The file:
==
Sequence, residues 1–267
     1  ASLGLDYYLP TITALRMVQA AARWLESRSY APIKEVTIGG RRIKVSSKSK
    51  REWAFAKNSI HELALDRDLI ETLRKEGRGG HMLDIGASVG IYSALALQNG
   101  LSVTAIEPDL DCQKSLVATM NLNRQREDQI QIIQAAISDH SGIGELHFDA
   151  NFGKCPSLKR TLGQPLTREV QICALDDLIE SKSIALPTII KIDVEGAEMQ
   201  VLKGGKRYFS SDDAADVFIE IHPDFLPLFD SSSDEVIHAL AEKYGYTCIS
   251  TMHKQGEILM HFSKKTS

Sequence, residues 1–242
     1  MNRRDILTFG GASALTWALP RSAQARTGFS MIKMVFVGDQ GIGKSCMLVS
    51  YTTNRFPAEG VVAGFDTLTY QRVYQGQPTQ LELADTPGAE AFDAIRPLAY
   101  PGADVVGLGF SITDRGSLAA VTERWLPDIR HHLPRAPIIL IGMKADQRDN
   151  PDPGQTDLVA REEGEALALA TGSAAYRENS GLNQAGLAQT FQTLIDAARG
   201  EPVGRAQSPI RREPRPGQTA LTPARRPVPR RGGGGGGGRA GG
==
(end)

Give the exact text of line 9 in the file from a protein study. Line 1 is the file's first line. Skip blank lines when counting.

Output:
     1  MNRRDILTFG GASALTWALP RSAQARTGFS MIKMVFVGDQ GIGKSCMLVS